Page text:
Monday, July 7, 2008

Living in the Netherlands without knowing Dutch

It has been more than a year since we moved to the Netherlands. I still remember those days last year this time we were walking around towns to look for signs of "Te Huur (For rent)". Once in a while, we got the interest to study the language, and for a while, we stopped learning, and all those we learned was slowly forgotten later. When you got the interest again, most of the things have to be learnt from the beginning again. We even paid for a computer software, Rossetta Stone, to learn the language. However, since Mr. Aawarra's boss paid for the cost of the software, we are not self--disciplined enough to being persistant in learning either.

So why not learning? My excuse most of the time when talking with people is that, most of the Dutch speaks English well. It is true. Almost everyboy you met on the streets, a shop, secretaries, doctors, all speaks good English. As long as you ask, you most of the time get your answers. Ture, there was once, we tried to ask the direction on the street to an old couple, we had trouble communicating. We tried hard to explain, still failed to get their answers. The frustration we found of not knowing the language is, we are some of the time excluded from knowing about what is happening. Once we passed by a synagogue, a group of people were listening to one person talking. We stopped, and not wanting to disturb them. So we didn't ask questions, and we didn't know what happened that time.

It is true that Dutch is not that difficult for English speakers to learn at all. It shares many similar workds, at least similar pronounciation. You could easily guess some of them if you pay attention. But I have to say that this country is not that English friendly country. Many website has both English and Dutch webpages. However, the information behind those clicks are highly varied. The Dutch website information are much more comprehensive and complete than the English version. It is not only in the website, but also in some service platforms, things like the train ticket machine in stations. You have to know Dutch to buy some certain kind of ticket.
I got to know this when I consulted a colleague about how to get the cheapest train tickets for a months' travel between two cities, which is like a train monthly ticket. She told me the name of the ticket she bought on NS ticket machine, and I only found the information in the dutch version of the website. Then I browsed through the website and there are quite a lot of information lack in the English website. It is really a disvantage of living in a country without knowing their language.

In your work environment, it might be also a frustration when others talking in Dutch around you. It is the most often instances that you feel yourself being excluded. Mr. Aawarra sometimes during the lunch time felt he was only physically present there, since his colleagues talking in Dutch. He can tolerate it well since he has been used to this kind of situations. After I worked, I started feeling a little discomfort when others came to talk with my officemate in Dutch. It is a feeling that you were kept out of knowing something, although this is already a very English friendly environment. The good part of this is, you got less disturbed by an unknown discussion while you are working on something important. You tend to be staying focused on your work.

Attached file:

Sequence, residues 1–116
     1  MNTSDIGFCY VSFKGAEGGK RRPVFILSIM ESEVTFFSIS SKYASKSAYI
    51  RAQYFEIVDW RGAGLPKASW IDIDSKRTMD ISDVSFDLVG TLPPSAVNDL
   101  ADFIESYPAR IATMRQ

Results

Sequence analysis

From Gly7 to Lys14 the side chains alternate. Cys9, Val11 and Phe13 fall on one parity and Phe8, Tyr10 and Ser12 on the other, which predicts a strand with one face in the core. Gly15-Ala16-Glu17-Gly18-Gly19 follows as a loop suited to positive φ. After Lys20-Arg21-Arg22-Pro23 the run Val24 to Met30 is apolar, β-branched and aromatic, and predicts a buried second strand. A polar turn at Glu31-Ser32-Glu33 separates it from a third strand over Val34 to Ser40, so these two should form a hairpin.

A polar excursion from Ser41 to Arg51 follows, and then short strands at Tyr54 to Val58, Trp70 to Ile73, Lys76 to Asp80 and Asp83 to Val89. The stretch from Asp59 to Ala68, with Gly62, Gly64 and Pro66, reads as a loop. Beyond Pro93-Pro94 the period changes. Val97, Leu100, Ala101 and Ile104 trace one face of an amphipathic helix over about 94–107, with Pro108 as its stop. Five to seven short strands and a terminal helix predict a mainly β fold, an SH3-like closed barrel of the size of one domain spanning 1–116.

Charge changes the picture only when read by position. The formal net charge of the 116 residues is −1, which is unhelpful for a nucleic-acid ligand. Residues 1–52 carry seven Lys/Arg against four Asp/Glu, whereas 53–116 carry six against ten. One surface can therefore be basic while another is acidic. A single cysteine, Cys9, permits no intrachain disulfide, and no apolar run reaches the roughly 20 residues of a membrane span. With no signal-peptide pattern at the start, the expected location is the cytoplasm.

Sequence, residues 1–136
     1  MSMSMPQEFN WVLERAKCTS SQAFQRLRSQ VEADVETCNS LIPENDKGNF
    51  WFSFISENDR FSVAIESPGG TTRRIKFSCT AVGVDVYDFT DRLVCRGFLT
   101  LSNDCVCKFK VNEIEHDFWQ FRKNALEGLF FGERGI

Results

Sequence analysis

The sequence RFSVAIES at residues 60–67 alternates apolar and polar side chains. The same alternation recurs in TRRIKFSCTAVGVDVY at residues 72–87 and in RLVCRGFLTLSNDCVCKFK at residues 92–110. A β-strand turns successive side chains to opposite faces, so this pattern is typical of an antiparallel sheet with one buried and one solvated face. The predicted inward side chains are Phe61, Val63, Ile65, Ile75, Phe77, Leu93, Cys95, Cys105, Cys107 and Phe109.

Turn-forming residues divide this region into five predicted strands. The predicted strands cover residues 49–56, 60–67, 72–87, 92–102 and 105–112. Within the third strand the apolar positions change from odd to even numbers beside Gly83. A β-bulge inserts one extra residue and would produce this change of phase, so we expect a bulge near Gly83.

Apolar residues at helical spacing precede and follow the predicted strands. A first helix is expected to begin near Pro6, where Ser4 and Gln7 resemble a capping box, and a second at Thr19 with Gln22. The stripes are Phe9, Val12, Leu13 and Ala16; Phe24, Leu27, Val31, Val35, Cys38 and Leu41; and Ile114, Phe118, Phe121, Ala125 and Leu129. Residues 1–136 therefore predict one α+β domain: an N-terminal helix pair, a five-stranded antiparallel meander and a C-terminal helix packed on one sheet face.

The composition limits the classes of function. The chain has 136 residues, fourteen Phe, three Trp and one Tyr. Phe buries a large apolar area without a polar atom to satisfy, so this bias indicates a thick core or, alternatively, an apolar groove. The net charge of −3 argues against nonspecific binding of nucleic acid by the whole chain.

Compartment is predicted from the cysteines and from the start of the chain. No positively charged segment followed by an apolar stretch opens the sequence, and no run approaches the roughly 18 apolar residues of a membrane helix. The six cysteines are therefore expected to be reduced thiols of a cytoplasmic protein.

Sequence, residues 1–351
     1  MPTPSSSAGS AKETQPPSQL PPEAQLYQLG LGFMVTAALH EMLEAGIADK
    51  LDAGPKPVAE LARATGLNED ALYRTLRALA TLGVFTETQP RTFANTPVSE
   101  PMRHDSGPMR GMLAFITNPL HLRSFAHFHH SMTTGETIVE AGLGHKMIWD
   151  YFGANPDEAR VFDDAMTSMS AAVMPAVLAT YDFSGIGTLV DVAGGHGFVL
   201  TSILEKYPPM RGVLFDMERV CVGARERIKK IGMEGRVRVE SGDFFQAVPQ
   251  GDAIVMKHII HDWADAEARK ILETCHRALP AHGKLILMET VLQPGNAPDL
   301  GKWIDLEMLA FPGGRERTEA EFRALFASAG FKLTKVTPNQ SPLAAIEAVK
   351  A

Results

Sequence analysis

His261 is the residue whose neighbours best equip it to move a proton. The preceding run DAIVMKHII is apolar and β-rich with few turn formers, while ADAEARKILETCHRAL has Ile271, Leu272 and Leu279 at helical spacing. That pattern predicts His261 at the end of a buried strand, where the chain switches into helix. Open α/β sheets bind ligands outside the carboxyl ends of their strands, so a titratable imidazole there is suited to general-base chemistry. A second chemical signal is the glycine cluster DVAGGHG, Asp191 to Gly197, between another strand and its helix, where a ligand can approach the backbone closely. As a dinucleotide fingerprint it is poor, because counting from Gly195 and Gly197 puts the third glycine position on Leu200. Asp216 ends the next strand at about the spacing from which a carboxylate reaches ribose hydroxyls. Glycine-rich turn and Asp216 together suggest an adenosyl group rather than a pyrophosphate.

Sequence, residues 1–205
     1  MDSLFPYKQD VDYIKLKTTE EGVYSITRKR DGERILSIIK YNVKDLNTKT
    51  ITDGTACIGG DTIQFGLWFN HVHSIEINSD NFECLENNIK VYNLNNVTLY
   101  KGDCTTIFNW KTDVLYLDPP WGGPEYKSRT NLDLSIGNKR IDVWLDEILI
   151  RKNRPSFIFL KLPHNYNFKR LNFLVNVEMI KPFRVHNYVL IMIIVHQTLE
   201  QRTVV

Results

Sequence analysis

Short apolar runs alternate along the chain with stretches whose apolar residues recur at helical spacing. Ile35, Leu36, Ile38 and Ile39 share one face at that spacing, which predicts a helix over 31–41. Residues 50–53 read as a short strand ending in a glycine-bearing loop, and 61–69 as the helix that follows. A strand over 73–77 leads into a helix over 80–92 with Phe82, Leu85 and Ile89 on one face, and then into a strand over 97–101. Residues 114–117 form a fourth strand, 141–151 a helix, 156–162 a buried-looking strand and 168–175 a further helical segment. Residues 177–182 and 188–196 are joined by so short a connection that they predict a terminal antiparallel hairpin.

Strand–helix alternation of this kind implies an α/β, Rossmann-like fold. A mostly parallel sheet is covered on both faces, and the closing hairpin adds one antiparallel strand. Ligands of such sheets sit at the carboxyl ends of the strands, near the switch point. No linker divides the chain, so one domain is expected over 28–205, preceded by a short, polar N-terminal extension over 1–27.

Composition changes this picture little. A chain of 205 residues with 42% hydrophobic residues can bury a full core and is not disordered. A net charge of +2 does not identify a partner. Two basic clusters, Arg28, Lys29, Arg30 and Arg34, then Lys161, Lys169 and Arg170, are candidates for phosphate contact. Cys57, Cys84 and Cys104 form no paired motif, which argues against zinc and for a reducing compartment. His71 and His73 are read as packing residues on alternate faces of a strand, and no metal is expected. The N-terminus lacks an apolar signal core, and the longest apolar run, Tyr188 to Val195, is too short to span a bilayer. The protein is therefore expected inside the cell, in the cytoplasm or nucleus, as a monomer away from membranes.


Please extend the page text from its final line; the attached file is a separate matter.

The picture is from here. Dames means ladies, and heren means gentlemen. For lage, and Grote, try to think some similar English words.


mj said...

I haven't actually taken Dutch language classes but learned some of my conversational Dutch with my boyfriend's 3-year old nephews, which means its pretty basic. I find it easier communicating with them and at the same time practicing my Dutch skills. I also did the software program to learn but like you said, no discipline enough to follow through.

I would say I can understand 50-75% of the language and I've only been here a year maar je moet rustig praaten...speak slowly and innunciate everything for me to understand. I get a headache when I'm in social settings and I'm trying to follow the language, takes too much concentration.

But its true that most people do speak English, although, I've encountered a couple of times when people just totally flat out refuse to speak English.

qriopal said...

Hello mj,
You are great to be able to understand 50-75% after just being here for a year. I heard it will be easier to learn from babies. Keep up with your progresses. I am also determined to learn since it seems that we might live here for a longer period of time.

jaime. said...

Glad to have stumbled across your blog! I am also on an "Orange Journey" myself as a New Yorker living in the ORIGINAL Haarlem! ;)